How Many Mortgage Payments Can Be Missed Before Foreclosure 5 Comments
The following is a guest post about mortgage. If interested in submitting a guest post please read my guest post policy and then contact me.
For those that have a home and mortgage payments become more and more difficult to get together and pay, you’ll need to look into your options far ahead of time. If you feel that you’re going through hard times, whether it’s become of job loss or just a lot of unforeseen circumstances, you will want to look at how many mortgage payments can be missed before foreclosure. This vital information will help you not only stay calm when financial pressures mount, but could save you when an emergency arises. Just remember, you will have a limit here, so don’t assume that you can just start missing them at will, because that’s not true. The following will explain the issue as a whole.
The First Problem One Will Encounter
First and foremost, you can miss one payment without major incident. However, this is going to put you in a tail spin. Your first missed payment will put you in a payment default status. That means that you will need to notify your lender immediately. Do not wait for them to call you about the payment. Most people get 15 days of grace after the missed date of payment, and this will mark your account in preparation for an additional missed payment.
When you miss a second payment, you may be sent a letter known as a “demand letter”. This will not be a good thing, because this is where the borrower becomes a bit more adamant about payment. You will have around thirty days to make payments.
The 90 Day mark
After no payments have been made for 90 days, or roughly 3 payments missed, you will get a notice of default. This will get placed on the front door of your home. The loan will be handed over for foreclosure at this point and the lender will give the homeowner 90 more days for payment to reinstate the loan. This is crunch time, because more missed payments in this time frame will cause serious issue.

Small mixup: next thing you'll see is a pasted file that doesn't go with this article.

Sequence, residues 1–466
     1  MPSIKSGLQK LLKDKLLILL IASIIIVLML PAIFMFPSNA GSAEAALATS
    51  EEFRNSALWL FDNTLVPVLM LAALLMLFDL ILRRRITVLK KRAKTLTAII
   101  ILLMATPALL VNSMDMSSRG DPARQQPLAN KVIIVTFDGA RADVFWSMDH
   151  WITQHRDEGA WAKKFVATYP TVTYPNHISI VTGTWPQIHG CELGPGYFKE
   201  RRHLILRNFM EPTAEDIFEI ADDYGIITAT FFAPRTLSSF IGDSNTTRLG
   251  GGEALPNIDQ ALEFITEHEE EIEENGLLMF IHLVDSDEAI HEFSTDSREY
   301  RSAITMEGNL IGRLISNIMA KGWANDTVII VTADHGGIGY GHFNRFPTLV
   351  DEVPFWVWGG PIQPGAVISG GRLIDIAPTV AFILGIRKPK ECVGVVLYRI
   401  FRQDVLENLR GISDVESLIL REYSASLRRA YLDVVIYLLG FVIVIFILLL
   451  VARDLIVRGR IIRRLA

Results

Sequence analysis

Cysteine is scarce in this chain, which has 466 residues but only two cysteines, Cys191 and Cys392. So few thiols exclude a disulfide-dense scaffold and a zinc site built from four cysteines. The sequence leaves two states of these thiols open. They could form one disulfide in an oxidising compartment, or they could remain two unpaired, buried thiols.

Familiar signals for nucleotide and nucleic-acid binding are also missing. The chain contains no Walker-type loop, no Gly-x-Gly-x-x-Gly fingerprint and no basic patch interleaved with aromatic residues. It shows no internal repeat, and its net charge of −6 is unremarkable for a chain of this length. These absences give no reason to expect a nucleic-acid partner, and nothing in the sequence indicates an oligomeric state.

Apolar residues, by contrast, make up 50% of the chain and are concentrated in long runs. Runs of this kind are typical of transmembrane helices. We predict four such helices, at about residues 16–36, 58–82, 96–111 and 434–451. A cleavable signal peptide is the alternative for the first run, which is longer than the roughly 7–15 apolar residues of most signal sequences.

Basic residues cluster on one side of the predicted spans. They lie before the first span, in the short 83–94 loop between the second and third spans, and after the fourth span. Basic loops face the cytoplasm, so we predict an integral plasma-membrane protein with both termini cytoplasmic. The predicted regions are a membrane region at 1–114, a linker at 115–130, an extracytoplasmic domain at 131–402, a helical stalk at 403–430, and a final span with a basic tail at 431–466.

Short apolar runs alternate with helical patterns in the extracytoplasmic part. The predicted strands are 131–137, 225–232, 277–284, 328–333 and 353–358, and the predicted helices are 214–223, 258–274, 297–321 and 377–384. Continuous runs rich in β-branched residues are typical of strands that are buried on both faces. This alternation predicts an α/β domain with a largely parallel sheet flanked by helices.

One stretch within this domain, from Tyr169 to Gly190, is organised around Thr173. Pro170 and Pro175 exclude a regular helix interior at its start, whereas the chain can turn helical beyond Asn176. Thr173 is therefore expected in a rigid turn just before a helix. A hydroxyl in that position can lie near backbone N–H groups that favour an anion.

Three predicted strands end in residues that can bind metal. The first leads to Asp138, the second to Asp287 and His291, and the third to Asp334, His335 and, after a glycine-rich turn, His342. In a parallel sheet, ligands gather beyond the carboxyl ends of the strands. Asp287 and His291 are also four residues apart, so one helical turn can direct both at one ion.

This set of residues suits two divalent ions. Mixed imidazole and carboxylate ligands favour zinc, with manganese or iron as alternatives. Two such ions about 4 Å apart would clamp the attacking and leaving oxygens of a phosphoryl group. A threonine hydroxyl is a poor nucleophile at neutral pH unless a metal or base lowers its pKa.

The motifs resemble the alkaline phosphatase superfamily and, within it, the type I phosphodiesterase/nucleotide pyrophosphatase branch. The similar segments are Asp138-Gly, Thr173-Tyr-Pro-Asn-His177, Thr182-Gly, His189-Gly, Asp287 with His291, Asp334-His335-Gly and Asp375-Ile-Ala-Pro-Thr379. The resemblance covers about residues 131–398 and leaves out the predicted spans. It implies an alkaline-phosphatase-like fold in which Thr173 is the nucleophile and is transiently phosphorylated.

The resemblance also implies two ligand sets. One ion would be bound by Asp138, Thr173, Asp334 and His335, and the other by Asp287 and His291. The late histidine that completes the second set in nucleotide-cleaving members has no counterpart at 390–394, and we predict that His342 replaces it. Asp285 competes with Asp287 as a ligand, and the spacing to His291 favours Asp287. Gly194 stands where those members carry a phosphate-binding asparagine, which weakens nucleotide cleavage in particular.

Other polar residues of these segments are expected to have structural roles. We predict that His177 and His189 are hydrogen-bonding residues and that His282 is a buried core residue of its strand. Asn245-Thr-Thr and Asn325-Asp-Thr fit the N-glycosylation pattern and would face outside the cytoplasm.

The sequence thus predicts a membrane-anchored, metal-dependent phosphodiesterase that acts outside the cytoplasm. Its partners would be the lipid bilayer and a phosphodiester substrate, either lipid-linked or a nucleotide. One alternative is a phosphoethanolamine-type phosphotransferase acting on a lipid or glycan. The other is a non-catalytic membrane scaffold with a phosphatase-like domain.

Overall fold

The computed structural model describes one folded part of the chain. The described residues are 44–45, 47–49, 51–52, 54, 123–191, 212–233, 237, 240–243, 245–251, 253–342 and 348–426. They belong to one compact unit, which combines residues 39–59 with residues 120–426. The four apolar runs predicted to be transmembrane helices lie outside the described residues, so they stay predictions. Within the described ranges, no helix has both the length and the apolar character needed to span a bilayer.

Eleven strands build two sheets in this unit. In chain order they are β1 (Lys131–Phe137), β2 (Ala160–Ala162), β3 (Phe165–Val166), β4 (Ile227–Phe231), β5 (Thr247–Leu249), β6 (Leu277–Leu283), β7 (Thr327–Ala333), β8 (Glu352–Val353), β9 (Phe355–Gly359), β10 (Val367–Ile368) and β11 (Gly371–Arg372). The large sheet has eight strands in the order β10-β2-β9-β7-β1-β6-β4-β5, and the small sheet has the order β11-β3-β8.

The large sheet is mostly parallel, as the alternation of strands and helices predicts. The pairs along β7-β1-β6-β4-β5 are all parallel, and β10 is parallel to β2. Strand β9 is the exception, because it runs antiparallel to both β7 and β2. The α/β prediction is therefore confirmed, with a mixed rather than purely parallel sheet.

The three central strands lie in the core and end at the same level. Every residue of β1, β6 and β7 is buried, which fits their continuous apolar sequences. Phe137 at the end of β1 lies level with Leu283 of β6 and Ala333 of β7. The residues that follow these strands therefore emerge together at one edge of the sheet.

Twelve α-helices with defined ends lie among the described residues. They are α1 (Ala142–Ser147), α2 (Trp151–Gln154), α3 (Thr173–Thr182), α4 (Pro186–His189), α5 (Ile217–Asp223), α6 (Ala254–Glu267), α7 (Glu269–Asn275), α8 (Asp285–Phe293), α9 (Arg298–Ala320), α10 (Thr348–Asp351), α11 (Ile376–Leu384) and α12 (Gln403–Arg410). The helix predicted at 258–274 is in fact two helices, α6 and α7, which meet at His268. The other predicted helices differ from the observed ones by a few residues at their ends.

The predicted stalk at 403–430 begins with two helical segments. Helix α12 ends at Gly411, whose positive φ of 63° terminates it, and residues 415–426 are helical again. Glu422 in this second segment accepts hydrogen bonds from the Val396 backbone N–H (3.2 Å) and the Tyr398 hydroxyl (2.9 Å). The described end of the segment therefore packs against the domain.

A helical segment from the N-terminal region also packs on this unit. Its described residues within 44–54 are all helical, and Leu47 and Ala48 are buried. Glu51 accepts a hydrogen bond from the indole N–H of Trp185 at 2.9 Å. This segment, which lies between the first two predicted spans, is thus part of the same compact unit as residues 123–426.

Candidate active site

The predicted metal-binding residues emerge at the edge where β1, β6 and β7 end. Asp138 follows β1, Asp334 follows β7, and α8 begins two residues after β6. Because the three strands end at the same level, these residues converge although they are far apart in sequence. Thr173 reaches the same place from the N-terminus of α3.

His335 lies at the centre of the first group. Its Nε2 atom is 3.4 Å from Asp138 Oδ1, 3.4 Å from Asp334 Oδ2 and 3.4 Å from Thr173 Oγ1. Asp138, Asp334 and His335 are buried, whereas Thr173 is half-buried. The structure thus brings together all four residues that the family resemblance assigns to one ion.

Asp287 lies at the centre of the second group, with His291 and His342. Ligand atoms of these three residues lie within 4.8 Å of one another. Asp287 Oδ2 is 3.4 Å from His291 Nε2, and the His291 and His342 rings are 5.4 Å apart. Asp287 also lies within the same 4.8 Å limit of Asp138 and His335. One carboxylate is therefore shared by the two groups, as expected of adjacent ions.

The Trustee’s Sale Notice
After 90 days from the notice of default, you will have to deal with a trustee’s sale notice. The lender will give local media the name of the homeowner and will cause legal property information for sale that will occur down the line.
The Actual Sale
The property will be sold at auction within a shortened amount of time after the print date of the notice of the trustee’s sale. At auction the opening bid will include liens, outstanding payments and much more. The highest bidder will gain the property and will take on immediate hold of the home.
Further Details To Consider
There is a chance that the home will not be sold. If the house becomes bank owned, the lender will have to work on eviction. In essence, if you’re dealing with this issue, you can stay within the home until the local authorities show up, which is usually within a short span of time from the eviction notice. Local law enforcement will come in and force people out and all belongings will be moved to a storage unit and a fee will be charged for removal.
What To Do If You Can’t Pay Your Mortgage
At the end of the day, make sure that you talk to your lender. Do not let too many payments to lapse. If you can’t make one, talk to them, and do not let them out of the loop. Let them know what’s going on, and if you have to restructure payments, get a grace period or work on another plan that can be discussed.
Missing two or more payments will cause serious issue. But it’s when you miss out on three that the ball goes in motion for foreclosure and it can be expedited by some lenders.